Every day 2.5 quintillion bytes of data are created: an asset that can be collected and interpreted to improve the bottom line of even the smallest of enterprises. But as well as helping businesses track and market products and services, data is also being used as a serviceable resource for addressing many of today’s development and sustainability challenges.
Experts in some parts of the world, for example, are using data to help predict when a food emergency is likely to occur or to identify pockets of poverty previously unnoticed. Others are using data to tackle food waste or boost animal conservation efforts.
The potential to advance global development goals by using available data is enormous.
But we have all seen the headlines…and it’s not all good news.
Data protection is a major concern for individuals and businesses alike. According to one study, 2016 saw more data breaches on record than any previous year. Worryingly for businesses, the private sector was hit most, accounting for over 45% of all breaches.
Data must be protected from these kinds of attacks. ICC believes that policy frameworks should provide for robust and appropriate data protection that guarantees the privacy of the citizen without hampering innovation.
When it comes to the protection of privacy and security, ICC would like to see governments working to ensure that their policy and regulatory environments are up-to-date and reflect best practices. But these regimes should also remain flexible enough to keep up with changing societal needs, new technologies and business model innovations.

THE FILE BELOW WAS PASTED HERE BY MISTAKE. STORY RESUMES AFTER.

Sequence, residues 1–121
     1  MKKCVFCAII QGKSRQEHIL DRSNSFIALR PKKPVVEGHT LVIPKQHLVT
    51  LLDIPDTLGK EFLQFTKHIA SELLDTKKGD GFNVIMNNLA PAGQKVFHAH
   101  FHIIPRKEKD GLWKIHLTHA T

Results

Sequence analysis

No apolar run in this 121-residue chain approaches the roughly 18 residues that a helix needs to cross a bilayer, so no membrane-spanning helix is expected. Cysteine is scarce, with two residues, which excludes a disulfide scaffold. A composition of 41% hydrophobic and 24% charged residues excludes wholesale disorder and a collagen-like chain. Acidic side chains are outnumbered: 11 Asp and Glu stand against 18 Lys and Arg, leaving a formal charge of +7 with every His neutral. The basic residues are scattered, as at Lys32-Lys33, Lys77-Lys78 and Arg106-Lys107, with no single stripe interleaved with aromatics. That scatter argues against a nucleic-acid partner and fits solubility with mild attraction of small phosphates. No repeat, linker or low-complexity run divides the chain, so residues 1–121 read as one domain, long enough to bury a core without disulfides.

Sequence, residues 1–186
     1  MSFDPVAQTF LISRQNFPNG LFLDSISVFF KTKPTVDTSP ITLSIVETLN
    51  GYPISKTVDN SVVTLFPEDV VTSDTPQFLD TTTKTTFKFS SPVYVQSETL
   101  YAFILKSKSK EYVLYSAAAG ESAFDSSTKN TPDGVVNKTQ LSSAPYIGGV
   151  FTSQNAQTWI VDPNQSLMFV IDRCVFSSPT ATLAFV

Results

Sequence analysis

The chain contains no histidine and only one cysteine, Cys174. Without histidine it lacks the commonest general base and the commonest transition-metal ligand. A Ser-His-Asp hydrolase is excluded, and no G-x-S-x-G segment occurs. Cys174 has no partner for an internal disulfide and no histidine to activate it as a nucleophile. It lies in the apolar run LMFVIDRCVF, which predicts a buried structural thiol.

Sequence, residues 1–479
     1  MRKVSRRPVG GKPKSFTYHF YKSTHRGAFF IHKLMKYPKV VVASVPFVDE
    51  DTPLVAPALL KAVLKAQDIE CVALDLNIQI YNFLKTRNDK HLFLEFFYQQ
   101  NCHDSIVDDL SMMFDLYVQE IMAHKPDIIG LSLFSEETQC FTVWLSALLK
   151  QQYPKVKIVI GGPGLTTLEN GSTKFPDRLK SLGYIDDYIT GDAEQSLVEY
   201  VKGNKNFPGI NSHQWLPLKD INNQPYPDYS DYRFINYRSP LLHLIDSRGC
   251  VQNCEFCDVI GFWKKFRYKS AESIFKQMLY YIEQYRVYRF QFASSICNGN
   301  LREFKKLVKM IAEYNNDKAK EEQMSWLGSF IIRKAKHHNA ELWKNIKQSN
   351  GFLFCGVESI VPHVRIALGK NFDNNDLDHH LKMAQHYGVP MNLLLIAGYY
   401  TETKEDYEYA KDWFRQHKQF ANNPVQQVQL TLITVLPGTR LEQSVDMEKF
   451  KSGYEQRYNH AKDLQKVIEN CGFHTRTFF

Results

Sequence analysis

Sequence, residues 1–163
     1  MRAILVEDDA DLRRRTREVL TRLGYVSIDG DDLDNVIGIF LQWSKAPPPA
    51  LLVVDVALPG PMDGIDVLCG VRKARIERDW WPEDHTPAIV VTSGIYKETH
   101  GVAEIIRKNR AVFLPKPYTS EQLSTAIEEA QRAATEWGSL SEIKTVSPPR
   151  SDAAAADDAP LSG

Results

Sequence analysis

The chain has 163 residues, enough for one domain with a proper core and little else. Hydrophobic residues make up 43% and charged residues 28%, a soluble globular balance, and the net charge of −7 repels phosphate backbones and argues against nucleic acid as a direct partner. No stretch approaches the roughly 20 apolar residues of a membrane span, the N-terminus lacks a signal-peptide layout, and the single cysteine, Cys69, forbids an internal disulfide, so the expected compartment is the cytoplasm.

They must also provide consumers with protection and guarantee the free flow of information needed to bring about the anticipated benefits of the digital economy.
Tools and guidance from business are vital to further privacy protection and promote economic growth. To this end, ICC creates practical tools and guidance for policymakers worldwide dealing with privacy and data protection issues. These tools include the ICC Alternative Standard Contractual Clauses for the Transfer of Personal Data from the European Union to Third Countries.
ICC provides global business perspectives to the Asia-Pacific Economic region’s (APEC) electronic steering committee on APEC data protection and privacy activities. We are also a global voice on European Union privacy developments impacting business, such as the European Union General Data Protection Regulation.
ICC also shares business perspectives on privacy work undertaken by relevant United Nations’ bodies leveraging ICC’s United Nations Observer Status.